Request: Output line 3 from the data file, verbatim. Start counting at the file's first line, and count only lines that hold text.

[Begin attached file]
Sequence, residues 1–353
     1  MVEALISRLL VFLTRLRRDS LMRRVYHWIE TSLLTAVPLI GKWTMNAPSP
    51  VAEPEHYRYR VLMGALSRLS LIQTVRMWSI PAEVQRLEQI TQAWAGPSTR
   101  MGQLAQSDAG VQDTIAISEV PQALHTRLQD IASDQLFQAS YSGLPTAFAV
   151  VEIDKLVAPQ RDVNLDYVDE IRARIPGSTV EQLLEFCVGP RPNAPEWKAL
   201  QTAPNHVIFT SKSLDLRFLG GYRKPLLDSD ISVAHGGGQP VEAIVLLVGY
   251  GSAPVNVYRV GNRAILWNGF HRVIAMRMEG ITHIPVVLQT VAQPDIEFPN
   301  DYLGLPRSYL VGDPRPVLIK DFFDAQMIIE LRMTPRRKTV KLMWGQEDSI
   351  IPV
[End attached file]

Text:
    51  VAEPEHYRYR VLMGALSRLS LIQTVRMWSI PAEVQRLEQI TQAWAGPSTR